Book Review: A Novel Of Its Time

(Salt of the Earth. By Kalindi Charan Panigrahi. Translated from the Original Odia By Leelawati Mohapatra, Paul St-Pierre and KK Mohapatra. Penguin Random House, India, 2022, Gurugram pp. 160, 299.)

The first translation of Kalindi Charan Panigraphi’s classic novel Matira Manisha (done by Leela Ray and Narendra Mishra) bore the title, The House Undivided. It obscured the novel’s rural and agrarian setting, so unmistakably captured in the Odia title, which means ‘men of the soil’, and, from which comes the author’s Romantic-idealistic concern with the earth, the soil. The second rendering by Bikram Das, published in 2017, restores the missing dimension, as can be seen from the title Born of the Soil. In the third and the latest translation titled Salt of the Earth, this zeitgeist of the ’Sabuja’ (Green) Age—1925-1935, which the author belonged to and helped shape, receives reiteration, no doubt aided in this by a competent translation.

The theme of the primacy of the joint family and the joint holding of the farm land that is at the centre of the novel derive directly from this desire to hold at bay a propertied society that values individual ownership of land. The title itself, both in Odia and English versions, is mentioned in a set piece description of the village scene at the opening of Chapter 4: “They had remained primitive men rather than become modern human beings. Clay. Soil. Mud. That’s what they were—they worked with mud, soil, clay from birth to death. They were born of the soil, lived on it, lived off it; they built homes on it and out of it: they dug it and grew paddy on it to keep their body and soul together. Earth people, earthlings, mud men, salt of the earth . . .” (p. 37) What is striking about this passage is the use of language that belongs to a non-propertied, anti-modern register: clay, mud, soil. It is tradition rather than modernity that is celebrated in the novel, and understandably so.

But here is the problem: the novel is about the canker in the flower of the organic rural community. That virus is the partition of family property between brothers after the death of the head of the family or ‘bhai bhaga’, as it is called in Odia. It is all the more worrying because the family depicted as being threatened with disintegration is an ideal one in the village, the family of Shyama Pradhan.

In one sense ‘bhai bhaga’ is the most dreaded word in the emotional lexicon of the Odia, nay Indian, middle class. In another sense, of course, partition is routinely common and ordinary. As agricultural families face decline due to the pressure of urbanisation, the joint family system is bound to come under increasing strain. No wonder, the brunt is often borne by the poorer—and invariably the elder— brother who has nothing but his homestead and agricultural land to fall back upon. Woe betides him if he has a large brood of his own to rear. Add to that the presence of a nosey and crafty village council head who would stand to profit from the partition of family property, and, there is no stopping the inevitable forward march of partition. This is what happens to the elder brother Baraju in the novel.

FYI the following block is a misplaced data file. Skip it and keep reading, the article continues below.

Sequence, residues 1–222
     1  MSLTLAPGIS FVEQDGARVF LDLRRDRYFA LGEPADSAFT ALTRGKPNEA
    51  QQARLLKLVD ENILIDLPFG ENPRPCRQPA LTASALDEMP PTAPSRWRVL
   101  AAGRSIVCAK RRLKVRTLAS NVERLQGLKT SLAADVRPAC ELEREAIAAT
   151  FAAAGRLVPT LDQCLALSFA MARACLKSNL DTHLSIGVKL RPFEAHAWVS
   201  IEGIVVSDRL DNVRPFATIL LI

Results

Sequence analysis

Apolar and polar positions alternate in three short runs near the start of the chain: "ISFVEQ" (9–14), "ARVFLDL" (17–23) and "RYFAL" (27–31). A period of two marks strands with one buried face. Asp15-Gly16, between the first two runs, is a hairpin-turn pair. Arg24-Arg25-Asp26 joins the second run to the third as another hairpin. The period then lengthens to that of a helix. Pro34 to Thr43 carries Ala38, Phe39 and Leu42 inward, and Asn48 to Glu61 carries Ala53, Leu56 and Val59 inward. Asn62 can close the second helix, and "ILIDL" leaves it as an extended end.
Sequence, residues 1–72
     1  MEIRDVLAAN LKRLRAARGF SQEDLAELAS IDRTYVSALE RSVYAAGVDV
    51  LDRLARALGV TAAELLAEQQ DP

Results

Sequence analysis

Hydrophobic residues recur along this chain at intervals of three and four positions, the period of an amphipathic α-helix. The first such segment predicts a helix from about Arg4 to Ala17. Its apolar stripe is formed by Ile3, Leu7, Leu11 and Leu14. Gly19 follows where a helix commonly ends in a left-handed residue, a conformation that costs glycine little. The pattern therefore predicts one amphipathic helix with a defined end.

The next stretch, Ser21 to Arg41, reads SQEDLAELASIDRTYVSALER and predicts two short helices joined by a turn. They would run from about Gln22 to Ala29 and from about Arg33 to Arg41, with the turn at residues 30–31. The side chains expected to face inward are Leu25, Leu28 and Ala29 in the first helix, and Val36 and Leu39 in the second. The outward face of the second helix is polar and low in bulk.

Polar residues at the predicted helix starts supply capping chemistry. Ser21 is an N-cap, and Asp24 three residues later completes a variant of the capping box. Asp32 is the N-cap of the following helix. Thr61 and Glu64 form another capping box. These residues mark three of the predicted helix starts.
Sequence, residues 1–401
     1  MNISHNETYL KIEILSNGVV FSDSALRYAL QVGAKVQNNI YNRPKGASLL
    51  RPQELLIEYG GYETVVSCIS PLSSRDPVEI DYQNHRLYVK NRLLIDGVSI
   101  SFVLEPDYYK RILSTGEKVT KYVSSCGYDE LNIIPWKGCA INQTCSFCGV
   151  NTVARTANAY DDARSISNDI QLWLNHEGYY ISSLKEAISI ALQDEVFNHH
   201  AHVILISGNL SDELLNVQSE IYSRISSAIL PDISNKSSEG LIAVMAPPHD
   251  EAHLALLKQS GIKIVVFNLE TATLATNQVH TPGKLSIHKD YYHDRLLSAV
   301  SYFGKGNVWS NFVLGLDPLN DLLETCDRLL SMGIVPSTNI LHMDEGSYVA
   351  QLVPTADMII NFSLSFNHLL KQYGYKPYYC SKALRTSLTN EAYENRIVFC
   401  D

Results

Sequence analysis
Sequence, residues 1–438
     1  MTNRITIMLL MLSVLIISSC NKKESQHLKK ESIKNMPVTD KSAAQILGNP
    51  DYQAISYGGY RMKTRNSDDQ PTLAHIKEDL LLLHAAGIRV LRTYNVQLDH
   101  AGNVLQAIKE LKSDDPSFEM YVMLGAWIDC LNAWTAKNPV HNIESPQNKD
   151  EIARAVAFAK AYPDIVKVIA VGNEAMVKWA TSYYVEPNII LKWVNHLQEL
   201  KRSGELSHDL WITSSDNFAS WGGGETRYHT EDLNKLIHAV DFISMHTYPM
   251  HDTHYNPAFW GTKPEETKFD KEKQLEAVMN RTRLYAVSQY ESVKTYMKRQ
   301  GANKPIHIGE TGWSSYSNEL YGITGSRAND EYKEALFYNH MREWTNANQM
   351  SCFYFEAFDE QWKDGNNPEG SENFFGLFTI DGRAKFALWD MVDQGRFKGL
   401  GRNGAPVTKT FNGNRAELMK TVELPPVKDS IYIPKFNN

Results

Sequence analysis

Baraju does, however, succeed in stalling the march of the divisive forces. His Gandhian brand of non-violent protest, tempered with his self-sacrificing idealism, sees to it. His younger brother, Chhakadi, who had so insisted on the division of the spoils, is stunned into submission to the indomitable will of the elder and better brother. Although this flies in the face of reality— and the reality is very much that the Barajus of the world go to the wall—the novel can be understood as trying to offer an imaginary resolution to a pressing and real historical problem. And that problem is this: a propertied and a caste and class-differentiated social order, guarded by the bureaucracy and the law. This invites a materialist analysis. The solutions the author proposes through the Gandhian figure of Baraju are invariably individualist, piecemeal and idealist.

One example of misdirected analysis is the making of ‘bhai bhaga’ the function of wicked and scheming wives with their nightly whisperings of sex-laced poison. The wives of both the brothers are pulled up by the narrative voice, the elder brother’s wife, Hara Bou, somewhat less and the younger brother’s wife, Netramani, more. Netramani, in fact, gets the lion’s share of the blame. She is shown as the initiator of the discord between Baraju and Chhakadi. Her moneyed background—she is the daughter of a Revenue Inspector—is mentioned as a way of explaining her constant whining and carping about her being second best in the house despite the fact that Baraju does back breaking toil to provide for the joint family. It is a wonder, though, that Shyama Pradhan chose to marry Chhakadi into a Revenue Inspector’s family when he had himself nagged Baraju ‘to quit’ (p. 25) his land surveyor’s job. No wonder Baraju has to first set his wife in order before he can set the family and the larger world in order.

Salt of the Earth is perhaps best read as a quintessential ‘Sabuja’ Age novel which sought to defend a venerable social arrangement, the joint family, from the onrush of modernity.

(Himansu S. Mohapatra, former Professor of English, is a translator and critic.)

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